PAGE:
Slow strain waves in blocky geological media from GPS and seismological observations on the Amurian plate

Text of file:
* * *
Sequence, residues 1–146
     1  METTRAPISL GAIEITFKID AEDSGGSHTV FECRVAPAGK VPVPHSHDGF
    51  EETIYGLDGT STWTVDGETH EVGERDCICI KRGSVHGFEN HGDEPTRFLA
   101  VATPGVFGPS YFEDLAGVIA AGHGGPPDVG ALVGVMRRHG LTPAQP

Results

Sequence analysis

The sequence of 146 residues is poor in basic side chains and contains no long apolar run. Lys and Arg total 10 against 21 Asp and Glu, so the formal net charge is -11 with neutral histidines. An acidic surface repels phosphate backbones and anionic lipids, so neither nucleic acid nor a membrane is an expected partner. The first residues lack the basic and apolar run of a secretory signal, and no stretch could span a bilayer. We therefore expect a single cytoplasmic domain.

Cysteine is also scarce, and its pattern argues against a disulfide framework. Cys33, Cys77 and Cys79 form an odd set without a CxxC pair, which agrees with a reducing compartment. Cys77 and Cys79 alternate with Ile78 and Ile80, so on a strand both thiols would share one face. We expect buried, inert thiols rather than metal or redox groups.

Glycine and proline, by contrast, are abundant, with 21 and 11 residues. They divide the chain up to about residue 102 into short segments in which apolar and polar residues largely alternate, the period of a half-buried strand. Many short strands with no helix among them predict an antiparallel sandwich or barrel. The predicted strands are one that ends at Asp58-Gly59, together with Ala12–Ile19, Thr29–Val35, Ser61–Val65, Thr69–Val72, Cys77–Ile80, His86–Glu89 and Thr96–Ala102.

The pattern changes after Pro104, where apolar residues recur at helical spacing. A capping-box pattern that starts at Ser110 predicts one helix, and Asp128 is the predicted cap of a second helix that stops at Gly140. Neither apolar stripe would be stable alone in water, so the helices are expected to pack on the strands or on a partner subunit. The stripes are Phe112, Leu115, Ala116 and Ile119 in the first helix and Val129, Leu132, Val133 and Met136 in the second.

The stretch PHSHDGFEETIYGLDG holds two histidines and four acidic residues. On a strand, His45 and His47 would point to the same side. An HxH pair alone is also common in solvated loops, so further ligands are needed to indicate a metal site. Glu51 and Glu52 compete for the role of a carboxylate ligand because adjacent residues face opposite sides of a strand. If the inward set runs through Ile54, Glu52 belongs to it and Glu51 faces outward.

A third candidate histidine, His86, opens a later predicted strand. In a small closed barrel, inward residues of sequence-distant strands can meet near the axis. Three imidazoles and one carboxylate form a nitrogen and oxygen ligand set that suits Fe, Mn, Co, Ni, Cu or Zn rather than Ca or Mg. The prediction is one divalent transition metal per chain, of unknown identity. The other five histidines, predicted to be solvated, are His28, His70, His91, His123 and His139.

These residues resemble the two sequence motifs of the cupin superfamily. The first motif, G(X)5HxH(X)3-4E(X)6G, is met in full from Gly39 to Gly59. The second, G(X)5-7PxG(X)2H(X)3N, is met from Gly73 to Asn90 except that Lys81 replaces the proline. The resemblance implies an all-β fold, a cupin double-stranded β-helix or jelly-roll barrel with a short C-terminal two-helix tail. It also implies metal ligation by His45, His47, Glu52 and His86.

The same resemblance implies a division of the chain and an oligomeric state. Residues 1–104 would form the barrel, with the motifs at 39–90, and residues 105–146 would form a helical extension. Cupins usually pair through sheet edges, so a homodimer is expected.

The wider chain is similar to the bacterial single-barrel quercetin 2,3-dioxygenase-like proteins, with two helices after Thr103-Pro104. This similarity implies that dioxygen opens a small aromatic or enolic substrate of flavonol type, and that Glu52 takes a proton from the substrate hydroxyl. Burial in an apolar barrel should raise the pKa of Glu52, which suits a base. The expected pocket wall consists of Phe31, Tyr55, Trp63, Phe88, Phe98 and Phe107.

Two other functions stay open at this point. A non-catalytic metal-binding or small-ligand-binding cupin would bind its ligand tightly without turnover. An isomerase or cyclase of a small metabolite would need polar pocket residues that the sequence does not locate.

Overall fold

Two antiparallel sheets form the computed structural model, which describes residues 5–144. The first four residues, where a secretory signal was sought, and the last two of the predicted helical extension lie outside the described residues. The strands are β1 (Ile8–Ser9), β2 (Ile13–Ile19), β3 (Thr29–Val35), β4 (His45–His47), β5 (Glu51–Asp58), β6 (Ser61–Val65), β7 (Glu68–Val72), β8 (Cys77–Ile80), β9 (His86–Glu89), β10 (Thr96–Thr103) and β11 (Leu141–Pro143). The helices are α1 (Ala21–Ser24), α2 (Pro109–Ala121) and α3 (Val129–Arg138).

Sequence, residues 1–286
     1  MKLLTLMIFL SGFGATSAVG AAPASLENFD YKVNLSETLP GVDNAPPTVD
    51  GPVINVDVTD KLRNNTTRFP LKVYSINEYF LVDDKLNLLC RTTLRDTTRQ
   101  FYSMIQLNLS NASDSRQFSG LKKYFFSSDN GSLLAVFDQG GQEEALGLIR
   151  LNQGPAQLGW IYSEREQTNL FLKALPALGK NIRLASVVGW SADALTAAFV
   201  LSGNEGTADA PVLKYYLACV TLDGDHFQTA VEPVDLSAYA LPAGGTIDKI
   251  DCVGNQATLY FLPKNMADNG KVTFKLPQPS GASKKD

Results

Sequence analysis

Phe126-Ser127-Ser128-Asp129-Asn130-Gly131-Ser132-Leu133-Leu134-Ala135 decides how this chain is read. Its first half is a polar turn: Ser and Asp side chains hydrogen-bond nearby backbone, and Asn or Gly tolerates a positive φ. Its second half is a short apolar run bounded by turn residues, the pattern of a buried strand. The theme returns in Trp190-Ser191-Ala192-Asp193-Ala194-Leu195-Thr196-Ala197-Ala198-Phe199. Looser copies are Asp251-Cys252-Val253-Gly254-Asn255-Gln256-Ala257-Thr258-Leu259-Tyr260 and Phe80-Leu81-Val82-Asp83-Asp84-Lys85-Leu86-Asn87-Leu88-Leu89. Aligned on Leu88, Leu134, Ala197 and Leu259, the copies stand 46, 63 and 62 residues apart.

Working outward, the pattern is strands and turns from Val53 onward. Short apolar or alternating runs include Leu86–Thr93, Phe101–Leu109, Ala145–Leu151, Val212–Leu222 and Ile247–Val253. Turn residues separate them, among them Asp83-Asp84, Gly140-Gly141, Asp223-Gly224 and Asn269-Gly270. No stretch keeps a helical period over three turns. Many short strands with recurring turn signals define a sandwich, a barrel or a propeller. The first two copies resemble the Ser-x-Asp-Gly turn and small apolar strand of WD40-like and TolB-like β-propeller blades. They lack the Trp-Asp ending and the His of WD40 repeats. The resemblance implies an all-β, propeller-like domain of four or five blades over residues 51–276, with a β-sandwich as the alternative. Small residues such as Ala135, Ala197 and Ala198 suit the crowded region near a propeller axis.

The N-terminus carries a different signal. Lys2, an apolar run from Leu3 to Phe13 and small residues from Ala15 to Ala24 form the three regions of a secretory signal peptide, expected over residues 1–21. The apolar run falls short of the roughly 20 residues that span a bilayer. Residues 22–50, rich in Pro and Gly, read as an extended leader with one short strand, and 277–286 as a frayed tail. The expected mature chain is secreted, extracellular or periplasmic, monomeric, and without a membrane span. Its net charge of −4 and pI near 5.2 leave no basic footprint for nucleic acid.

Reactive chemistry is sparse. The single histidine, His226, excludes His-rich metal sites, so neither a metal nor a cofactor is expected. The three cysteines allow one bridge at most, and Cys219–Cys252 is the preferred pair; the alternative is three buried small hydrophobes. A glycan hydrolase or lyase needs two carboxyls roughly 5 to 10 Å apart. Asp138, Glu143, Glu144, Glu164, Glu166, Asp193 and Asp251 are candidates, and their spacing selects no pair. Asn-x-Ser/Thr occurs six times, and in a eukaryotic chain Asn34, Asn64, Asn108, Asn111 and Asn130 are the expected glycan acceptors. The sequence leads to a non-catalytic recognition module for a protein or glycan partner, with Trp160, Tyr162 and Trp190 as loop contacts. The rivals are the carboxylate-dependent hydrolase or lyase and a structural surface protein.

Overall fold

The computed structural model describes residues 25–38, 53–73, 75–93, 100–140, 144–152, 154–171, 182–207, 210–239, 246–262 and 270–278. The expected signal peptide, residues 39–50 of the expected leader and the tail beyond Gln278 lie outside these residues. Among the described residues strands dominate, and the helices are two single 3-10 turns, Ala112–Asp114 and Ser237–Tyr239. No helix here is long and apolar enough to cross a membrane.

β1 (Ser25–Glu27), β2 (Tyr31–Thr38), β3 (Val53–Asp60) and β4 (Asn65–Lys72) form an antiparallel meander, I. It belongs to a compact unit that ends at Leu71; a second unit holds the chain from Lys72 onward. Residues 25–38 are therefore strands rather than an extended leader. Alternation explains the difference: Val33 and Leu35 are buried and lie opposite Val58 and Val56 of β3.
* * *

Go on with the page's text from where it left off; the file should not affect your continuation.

Based on the statistical analysis of spatiotemporal distribution of earthquake epicenters and perennial geodetic observation series, new evidence is obtained for the existence of slow strain waves in the Earth. The results of our investigation allow us to identify the dynamics of seismicity along the northern boundary of the Amurian plate as a wave process. Migration of epicenters of weak earthquakes (2 ≤ M ≤ 4) is initiated by the east–west propagation of a strain wave front at an average velocity of 1000 km yr −1. We have found a synchronous quasi-periodic variation of seismicity in equally spaced clusters with spatial periods of 3.5 and 7.26° comparable with the length of slow strain waves. The geodetic observations at GPS sites in proximity to local active faults show that in a number of cases, the GPS site coordinate seasonal variations exhibit a significant phase shift, whereas the time series of these GPS sites differ significantly from a sinusoid. Based on experimental observation data and the developed model of crustal block movement, we have shown that there is one possible interpretation for this fact that the trajectory of GPS station position disturbance is induced by migration of crustal deformation in the form of slow waves.